Well, I don't know you personally but have followed your blog since you lost Jack, and I have to say I have always secretly hoped and hoped you would adopt or foster. Because you're just THAT amazing, someone else should get a piece of it. :)

Dina Ochs said...

This may seem strange but the minute I saw the picture of the three of you, before even reading the post I thought, something is missing in this picture. Even though my sister had only one child, a daughter (and a miscarriage) because of her diabetes, I never thought they looked lonely as a family. But this picture hit me hard for some reason. And why? Then I read your post and realized that from so far away I need to keep you all in my thoughts and prayers, maybe this is going to be. Your writing is so sweet and hits to the core of me every time I read it. Looking forward to your book. Hugs from Tallahassee, Florida, Nadine Ochs

Anonymous said...

Thanks so much for sharing this lovely story, Anna. Much that you said resonates.

Perhaps this experience, while disappointing in not leading to a new family member for you now, was needed to solidify your family's position on adoption and will propel you forward. In any event, I hope things work out for all of you.

Wishing you blessings,
Joan in PA

Jennifer Marshall said...

I love when you write about the things Jack said in the past and how they relate to your present. To me this all makes sense. Especially how all three of you were on the same page, without hesitation. I hope an opportunity like this might resurface for you. Because I think it would be beautiful.

Alison said...

Your family is so full of love, any child would be blessed to be part of it. xo

Laura at Ms. Smartie Pants said...

Most times when I read your post I feel as if I have been kicked in the gut, then tears roll down my cheeks. Anna oh my gosh I'm excited and ache for you all at once. No words, just prayers and praise to God, hope Anna and new life, such blessings!

Niki said...

this story overflows with love.xx

dreaming is believing

Patricia said...

This is a lovely story,and something I did need to hear this morning.. Hope does spring eternal, and the 'seed has been planted' as another commenter said. God Bless you and your family....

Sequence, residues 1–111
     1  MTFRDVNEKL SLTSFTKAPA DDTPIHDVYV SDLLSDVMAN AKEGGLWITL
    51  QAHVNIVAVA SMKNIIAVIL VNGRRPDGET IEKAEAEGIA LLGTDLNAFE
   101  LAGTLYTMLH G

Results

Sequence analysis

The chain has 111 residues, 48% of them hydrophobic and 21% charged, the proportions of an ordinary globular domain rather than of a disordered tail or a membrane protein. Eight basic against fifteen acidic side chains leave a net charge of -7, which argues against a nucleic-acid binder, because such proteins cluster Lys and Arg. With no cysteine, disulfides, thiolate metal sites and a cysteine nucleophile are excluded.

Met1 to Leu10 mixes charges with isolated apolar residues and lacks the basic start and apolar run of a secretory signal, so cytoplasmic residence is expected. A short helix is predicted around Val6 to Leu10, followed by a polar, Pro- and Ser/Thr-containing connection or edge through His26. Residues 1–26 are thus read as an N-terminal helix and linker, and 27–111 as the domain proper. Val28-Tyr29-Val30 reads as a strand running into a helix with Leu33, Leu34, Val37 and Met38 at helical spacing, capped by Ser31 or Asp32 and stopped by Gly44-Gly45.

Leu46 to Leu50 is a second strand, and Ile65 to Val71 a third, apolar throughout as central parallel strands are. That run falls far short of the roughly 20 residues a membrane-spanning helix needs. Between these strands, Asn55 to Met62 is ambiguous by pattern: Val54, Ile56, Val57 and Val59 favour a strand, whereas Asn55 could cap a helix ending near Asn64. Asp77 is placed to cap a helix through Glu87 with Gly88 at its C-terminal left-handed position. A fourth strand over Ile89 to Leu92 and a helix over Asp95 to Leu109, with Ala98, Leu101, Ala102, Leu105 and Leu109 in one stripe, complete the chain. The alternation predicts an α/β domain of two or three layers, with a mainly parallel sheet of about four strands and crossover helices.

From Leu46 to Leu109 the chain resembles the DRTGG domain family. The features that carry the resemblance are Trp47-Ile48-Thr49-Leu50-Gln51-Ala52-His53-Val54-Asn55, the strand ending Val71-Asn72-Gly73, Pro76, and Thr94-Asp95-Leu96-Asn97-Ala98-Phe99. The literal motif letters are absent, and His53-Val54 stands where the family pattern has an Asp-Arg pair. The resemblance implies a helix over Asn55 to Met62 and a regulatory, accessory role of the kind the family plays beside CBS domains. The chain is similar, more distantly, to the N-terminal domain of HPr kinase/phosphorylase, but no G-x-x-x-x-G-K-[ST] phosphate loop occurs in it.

Lisa C said...

So much hope. You have love to give and it's incredible that all 3 of you were unwavering in your answers.

<3

Eliza said...

One of my favorite posts to date... so honest and open and hopeful! Like others have said, all of your "yes's" could be the start of something really amazing. I'll keep thinking of you guys, as always! <3 hugs

HollyMarie said...

There is the sweetest little 2yr old boy in Korea listed with Dillon international who is waiting for his family. He was born at 35 weeks and was originally failure to thrive so he is considered special needs. He is living with a foster family now but if an adoptive family isn't found soon, he will be moved to an institution and will no longer be available for adoption. It is urgent that he find his family very very soon. If this pricks your heart at all, call Dillon for more info. Because of the urgency, families in all states will be considered. XO and may God bless you.

Alexandra said...

I want the promise of a new life in your home. It's not a replacement for Jack, it's a home for a baby that needs love, routine, stability, healing. I will pray for this, for you, for the baby.

Anonymous said...

PS I'm sorry this is so far off the topic of adoption, but I'm not on Facebook, and I saw that Tim & Co. had run a marathon, and also that he ran it pretty quickly, too. That's such a big accomplishment and big "yes" to life that I wanted to congratulate all of them.

Elisa @ What the Vita said...

Loved this story and I am looking forward to seeing what the future brings you and your family. I'm inspired by your hope and your thoughts and your peace. Wishing you only GOOD things!!!!! xoxo

Anonymous said...

I have often thought about this (or hoped for this) for your family. I remember watching Oprah many years ago and seeing two mothers who had lost their babies in the Oklahoma City bombing. They spoke about how they would love the babies they lost every day of their lives - no one could ever take their place. But, to have something in their lives, something positive to come out of something so negative, could be a comfort to them. I've never, ever forgotten that.

MelissaB said...

Loved this post. My currently 7 year old son keeps begging for a baby too and my almost 10 year old daughter would be thrilled, I think. I guess we will find out this weekend when we tell them they are getting their wish as I'm 12 weeks pregnant! I felt exactly the same way you did...like I really wasn't done but so scared to actually commit to another for the exact reasons you listed. Then I found myself pregnant by absolute surprise and I am no spring chicken. Couldn't be more thrilled. I say do it. Your heart knows enough love to nourish another!